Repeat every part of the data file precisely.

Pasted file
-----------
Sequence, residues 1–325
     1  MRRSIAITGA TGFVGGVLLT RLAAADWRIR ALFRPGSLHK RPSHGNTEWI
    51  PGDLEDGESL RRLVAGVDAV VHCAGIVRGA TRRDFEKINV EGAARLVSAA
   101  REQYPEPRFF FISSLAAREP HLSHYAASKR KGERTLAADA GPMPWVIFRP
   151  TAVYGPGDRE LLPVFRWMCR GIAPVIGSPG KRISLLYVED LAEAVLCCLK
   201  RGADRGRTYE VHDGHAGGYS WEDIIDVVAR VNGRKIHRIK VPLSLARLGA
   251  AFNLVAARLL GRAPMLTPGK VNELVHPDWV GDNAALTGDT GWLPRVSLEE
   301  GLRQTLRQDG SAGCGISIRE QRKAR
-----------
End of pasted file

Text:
Sequence, residues 1–325
     1  MRRSIAITGA TGFVGGVLLT RLAAADWRIR ALFRPGSLHK RPSHGNTEWI
    51  PGDLEDGESL RRLVAGVDAV VHCAGIVRGA TRRDFEKINV EGAARLVSAA
   101  REQYPEPRFF FISSLAAREP HLSHYAASKR KGERTLAADA GPMPWVIFRP
   151  TAVYGPGDRE LLPVFRWMCR GIAPVIGSPG KRISLLYVED LAEAVLCCLK
   201  RGADRGRTYE VHDGHAGGYS WEDIIDVVAR VNGRKIHRIK VPLSLARLGA
   251  AFNLVAARLL GRAPMLTPGK VNELVHPDWV GDNAALTGDT GWLPRVSLEE
   301  GLRQTLRQDG SAGCGISIRE QRKAR